MAINE was long famous as the original discovery for United States tourmaline and is still producing sporadically. In 1972, over one ton of tourmaline was produced at the Denton Mine. However, despite continued mining, little else was recovered. More recently, Mt. Mica has been re-mined and produced some high quality blue-green tourmaline in small sizes. In addition to tourmaline, Maine has produced aquamarine, heliodor, morganite and recently, excellent amethyst.
MONTANA is world famous for it’s sapphires from several localities. The most well known are the beautiful blues from the Yogo Gulch. Other varied colors are known from the Rock Creek area and other alluvial deposits. The potential production of large quantities of small size sapphire from Montana is most promising.
NEVADA has been a major producer of turquoise for decades and is a strong competitor with Arizona for the finest. Another important deposit is the Virgin Valley area for fine opal. If the opal could be stabilized, it would be among the world’s finest, however, most of this material has a large water content and often crazes.
NORTH CAROLINA is historically known for producing diamond, ruby, sapphire and emerald, as well as being the unique locality for hiddenite which is a rare emerald-green chromium-colored spodumene. Over the last several decades there have been sporadic discoveries of ruby and emerald, including one fine emerald weighing approximately four carats which is on display at Tiffany & Company in New York. More recently new finds of hiddenite have been found.
OREGON is one of the largest producers of agates of all sorts, including the famous Thunder Eggs. More exciting for jewelers has been the gem feldspar (sunstone) which has been found in numerous colors over the last several decades, including red and green. A recent find of opal has been interesting; however, it is also subject to crazing. Several large stones have been cut from the material, and to date they have remained stable.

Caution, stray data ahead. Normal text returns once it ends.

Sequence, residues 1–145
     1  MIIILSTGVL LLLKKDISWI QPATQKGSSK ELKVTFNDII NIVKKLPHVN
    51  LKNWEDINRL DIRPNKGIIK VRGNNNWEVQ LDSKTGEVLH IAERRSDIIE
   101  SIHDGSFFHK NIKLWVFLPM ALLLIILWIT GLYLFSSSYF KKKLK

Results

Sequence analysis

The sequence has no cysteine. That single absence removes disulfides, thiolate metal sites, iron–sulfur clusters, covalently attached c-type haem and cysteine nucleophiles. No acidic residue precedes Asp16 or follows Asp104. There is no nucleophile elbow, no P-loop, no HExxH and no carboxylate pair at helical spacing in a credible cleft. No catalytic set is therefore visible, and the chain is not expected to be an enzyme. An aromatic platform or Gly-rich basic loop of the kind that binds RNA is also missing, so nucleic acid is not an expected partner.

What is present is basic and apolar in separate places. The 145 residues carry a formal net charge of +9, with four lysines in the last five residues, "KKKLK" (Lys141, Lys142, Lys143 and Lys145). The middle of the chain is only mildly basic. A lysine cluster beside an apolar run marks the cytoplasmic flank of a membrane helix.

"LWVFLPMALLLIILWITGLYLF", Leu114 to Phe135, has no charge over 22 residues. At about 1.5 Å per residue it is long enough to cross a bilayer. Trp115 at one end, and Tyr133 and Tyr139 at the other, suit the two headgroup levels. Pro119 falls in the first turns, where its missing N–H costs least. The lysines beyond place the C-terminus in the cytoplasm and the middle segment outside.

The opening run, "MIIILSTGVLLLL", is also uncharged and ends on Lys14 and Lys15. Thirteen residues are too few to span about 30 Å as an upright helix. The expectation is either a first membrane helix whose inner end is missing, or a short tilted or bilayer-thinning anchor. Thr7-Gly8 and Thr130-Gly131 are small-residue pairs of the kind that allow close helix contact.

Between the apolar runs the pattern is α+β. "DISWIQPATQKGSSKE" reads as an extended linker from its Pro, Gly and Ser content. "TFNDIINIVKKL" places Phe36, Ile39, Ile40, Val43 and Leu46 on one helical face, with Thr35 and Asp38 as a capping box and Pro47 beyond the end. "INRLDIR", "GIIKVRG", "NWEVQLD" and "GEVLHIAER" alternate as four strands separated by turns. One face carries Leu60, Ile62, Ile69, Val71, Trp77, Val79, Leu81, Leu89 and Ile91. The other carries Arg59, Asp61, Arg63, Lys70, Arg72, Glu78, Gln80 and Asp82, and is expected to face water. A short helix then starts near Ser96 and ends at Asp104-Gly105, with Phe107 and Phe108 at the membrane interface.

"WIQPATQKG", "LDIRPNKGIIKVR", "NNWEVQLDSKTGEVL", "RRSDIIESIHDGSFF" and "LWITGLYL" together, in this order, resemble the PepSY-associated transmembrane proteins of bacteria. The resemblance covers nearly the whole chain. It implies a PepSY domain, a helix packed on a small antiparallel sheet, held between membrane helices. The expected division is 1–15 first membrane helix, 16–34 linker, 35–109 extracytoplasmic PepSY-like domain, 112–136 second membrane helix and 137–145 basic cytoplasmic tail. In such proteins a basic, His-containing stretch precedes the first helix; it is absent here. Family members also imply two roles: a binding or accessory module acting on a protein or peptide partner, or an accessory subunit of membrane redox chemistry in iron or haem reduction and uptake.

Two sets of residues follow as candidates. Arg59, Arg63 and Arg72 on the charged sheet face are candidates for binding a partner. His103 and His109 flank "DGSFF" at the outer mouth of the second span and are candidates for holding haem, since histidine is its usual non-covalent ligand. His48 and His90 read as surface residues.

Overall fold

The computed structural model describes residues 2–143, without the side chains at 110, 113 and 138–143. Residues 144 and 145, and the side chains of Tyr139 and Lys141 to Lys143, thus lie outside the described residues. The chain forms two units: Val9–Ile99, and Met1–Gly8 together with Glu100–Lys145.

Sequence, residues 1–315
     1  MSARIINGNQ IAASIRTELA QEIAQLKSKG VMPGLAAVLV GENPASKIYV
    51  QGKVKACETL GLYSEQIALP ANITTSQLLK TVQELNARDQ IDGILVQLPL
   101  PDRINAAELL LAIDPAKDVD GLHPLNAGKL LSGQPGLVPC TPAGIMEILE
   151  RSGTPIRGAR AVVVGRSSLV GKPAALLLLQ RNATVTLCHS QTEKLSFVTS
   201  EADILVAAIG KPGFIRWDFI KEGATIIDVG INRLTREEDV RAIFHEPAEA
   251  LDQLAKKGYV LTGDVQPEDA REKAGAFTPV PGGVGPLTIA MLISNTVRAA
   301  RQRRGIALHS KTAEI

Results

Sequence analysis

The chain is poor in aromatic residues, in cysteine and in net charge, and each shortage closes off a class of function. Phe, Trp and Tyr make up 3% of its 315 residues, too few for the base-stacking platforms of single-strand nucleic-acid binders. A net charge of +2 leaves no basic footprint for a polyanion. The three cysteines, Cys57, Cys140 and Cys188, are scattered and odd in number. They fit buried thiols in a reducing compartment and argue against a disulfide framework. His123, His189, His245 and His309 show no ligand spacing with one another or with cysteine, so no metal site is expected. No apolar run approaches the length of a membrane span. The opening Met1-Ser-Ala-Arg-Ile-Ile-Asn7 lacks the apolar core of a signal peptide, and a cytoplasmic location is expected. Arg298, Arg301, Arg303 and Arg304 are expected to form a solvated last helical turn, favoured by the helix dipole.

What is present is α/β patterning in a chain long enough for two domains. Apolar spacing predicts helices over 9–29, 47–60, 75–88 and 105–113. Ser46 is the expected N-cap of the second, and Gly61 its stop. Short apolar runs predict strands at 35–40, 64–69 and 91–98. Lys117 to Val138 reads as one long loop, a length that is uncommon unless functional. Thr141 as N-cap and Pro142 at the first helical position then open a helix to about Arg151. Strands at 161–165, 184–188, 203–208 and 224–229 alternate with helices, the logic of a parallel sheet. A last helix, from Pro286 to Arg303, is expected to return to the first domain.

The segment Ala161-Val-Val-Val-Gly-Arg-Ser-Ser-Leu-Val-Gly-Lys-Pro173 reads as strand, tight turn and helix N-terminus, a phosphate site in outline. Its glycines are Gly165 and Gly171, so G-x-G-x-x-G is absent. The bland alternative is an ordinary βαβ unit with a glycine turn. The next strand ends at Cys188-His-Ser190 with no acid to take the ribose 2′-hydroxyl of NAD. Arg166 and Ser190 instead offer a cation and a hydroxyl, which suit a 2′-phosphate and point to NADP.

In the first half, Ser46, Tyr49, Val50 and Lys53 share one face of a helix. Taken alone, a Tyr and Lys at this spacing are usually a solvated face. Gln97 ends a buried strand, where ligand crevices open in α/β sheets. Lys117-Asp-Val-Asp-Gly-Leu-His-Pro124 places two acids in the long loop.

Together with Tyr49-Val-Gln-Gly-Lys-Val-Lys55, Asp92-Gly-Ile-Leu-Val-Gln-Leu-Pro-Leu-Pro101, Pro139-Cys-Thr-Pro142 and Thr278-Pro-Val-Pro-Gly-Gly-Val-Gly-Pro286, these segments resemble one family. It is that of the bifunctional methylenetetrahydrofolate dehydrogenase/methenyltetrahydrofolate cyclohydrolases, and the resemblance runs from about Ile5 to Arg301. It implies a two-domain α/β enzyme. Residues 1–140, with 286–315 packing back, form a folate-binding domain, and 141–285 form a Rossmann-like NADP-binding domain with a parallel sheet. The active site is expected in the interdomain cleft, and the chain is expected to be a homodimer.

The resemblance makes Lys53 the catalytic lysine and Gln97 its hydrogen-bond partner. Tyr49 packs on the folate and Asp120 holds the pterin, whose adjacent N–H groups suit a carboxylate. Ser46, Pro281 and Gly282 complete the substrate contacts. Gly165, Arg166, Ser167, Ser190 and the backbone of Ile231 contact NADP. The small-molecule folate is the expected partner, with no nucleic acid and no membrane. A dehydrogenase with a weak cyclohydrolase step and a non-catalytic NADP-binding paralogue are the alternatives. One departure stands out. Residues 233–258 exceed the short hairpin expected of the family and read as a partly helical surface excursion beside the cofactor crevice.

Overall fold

TENNESSEE exports the largest quantity of freshwater mussels from North America for use as nuclei for cultured pearls around the world. American Pearl Company is the originator and largest producer of cultured freshwater fancy-shaped pearls. It must be mentioned that 50% of that cultured pearl production is exported to Asian and European wholesalers, who in turn sell them to their customers. The other 50% stays right here in the US, where designers and manufacturers incorporate the beauty of these fancy-shaped pearls (as well as others) into jewelry. Although collectors are the main purchasers of natural pearls (which command a much higher price than cultured), their numbers are much smaller in comparison to cultured pearl buyers. This is because mainly due to a lesser informed public in regards to natural pearls, as well as the strong market saturation and lower price of cultured pearls.
UTAH has long produced topaz crystals which are beautiful in color despite fading upon exposure to sunlight. More recently, a very important find of a unique gemstone, red beryl, has been found in the Wah Wah Mountains. The original discovery in the Thomas Mountains (near the topaz) was unimportant, however this new find is producing much larger gem quality crystals. A few cut stones are known for being over four carats, and are a very clean fine quality red. Exploration is going on currently, making this the largest potential commercial gemstone deposit in North America. Today more then ever large global exploration companies, which once specialized primarily in precious metal and ores, are recognizing North America’s gem production as yet another valuable resource to be tapped... but then; isn’t that what Dr. Kunz always said? Many thanks to Lawrence Conklin, New York, for his meticulous and painstaking research. What a great book!